Vullo, Romain, Ronan Allain, and Lionel Cavin. "Convergent evolution of jaws between spinosaurid dinosaurs and pike conger eels." Acta Palaeontologica Polonica 61.4 (2016): 825-828.

Marx, Felix G., David P. Hocking, Travis Park, Tim Ziegler, Alistair R. Evans, and Erich M. G. Fitzgerald. "Suction feeding preceded filtering in baleen whale evolution" Memoirs of Museum Victoria 75 (2016): 71-82.

Direct download: Podcast_101_-_Sucky_Whales.mp3
Category:general -- posted at: 3:00am EDT

The gang celebrates their 100th episode by taking a break and playing Fiasco, a crime/noir storytelling game by Bully Pit Games.

A fluorescent motel sign illuminates the inky blackness, its crackling electric hum merging perfectly with the clicking of the cicadas in the humid summer night. A solitary figure stands nearby, barely visible in the garish green and orange glow. She nervously rolls a cigarette between her fingers, her gaze furtively snapping back and forth between the barely illuminated run down two story building, the "Motel Manna", and the vast empty night. The unexpected flash of a pair of headlights from an all too familiar Dodge catches her gaze and for a second she freezes in place and hopes it's all a dream. The car stops and she knows she's been seen. "Fuck it" she says to herself, cigarette now firmly clenched so tightly in her jaw it would take a crowbar to pry it out. Summer nights like these can just be too much for one person to bare.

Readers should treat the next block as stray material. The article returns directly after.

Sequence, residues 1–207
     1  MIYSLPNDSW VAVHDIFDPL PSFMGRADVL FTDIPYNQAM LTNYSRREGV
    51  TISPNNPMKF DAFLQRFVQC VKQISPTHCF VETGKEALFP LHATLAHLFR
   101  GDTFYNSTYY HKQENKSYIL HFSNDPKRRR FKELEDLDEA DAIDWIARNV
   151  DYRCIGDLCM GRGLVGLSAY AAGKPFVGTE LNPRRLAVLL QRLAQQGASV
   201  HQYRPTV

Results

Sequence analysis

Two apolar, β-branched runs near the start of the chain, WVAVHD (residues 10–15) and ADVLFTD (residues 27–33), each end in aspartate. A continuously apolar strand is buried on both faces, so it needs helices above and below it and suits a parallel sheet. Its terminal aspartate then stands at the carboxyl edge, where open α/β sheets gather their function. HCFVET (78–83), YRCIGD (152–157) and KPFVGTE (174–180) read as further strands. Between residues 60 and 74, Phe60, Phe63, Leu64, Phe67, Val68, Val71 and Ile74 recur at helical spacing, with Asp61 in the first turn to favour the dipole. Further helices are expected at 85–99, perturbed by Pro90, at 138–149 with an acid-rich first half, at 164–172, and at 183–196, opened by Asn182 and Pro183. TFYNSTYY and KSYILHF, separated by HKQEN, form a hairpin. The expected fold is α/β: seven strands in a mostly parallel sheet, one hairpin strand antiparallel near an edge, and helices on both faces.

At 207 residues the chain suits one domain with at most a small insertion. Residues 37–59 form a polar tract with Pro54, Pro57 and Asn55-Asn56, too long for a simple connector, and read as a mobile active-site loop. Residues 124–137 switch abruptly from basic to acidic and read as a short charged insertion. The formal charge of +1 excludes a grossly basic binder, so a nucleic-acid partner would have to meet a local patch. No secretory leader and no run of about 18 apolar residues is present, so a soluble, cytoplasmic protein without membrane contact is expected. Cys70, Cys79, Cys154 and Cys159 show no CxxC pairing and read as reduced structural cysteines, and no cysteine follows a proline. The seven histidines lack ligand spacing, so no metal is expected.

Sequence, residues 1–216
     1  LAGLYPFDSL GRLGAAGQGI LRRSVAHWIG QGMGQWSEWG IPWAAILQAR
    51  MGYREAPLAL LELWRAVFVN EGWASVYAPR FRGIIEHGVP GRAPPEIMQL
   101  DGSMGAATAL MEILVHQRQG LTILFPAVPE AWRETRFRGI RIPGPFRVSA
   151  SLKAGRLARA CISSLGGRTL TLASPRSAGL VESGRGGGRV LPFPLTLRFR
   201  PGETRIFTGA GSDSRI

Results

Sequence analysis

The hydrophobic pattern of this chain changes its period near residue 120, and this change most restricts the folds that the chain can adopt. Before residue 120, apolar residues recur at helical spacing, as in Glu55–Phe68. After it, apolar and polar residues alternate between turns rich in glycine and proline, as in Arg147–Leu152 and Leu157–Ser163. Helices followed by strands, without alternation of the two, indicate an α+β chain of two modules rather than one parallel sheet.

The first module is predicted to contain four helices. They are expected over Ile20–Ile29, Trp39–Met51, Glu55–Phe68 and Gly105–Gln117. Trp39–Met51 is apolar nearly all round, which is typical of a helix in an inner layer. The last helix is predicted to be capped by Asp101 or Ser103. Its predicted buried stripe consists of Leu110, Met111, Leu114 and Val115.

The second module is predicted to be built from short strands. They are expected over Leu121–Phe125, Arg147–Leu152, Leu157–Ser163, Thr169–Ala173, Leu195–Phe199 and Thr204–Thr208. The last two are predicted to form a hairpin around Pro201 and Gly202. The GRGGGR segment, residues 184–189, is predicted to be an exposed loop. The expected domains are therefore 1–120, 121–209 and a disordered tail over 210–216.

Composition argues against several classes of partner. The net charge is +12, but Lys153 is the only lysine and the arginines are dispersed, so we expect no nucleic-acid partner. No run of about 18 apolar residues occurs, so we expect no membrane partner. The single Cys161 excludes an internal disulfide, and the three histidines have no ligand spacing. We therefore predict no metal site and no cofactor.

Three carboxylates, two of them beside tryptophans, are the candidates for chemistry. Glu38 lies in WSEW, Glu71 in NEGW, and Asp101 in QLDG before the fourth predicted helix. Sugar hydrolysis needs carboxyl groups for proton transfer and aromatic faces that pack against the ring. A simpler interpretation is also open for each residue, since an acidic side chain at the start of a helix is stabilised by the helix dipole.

"Too Much to Bear" is a story of murder, betrayal, and bear smuggling.

"Deadly Roulette" Kevin MacLeod (incompetech.com) 
Licensed under Creative Commons: By Attribution 3.0
http://creativecommons.org/licenses/by/3.0/

Direct download: Podcast_100_-_Too_Much_to_Bear.mp3
Category:general -- posted at: 3:00am EDT

In this episode, the gang discusses two papers that look at the ecological and evolutionary impacts of animal camouflage. Also, James finds his true calling as a musician, Amanda wants to knit a sweater for a 50 foot hare, and Curt is surprised that he's still surprised.

References:

Zimova, Marketa, L. Scott Mills, and J. Joshua Nowak. "High fitness costs of climate change‐induced camouflage mismatch." Ecology letters 19.3 (2016): 299-307.

Somveille, Marius, Kate LA Marshall, and Thanh-Lan Gluckman. "A global analysis of bird plumage patterns reveals no association between habitat and camouflage." PeerJ 4 (2016): e2658.

Direct download: Podcast_99_-_How_Not_To_Be_Seen_Camouflage_and_Evolution.mp3
Category:general -- posted at: 3:00am EDT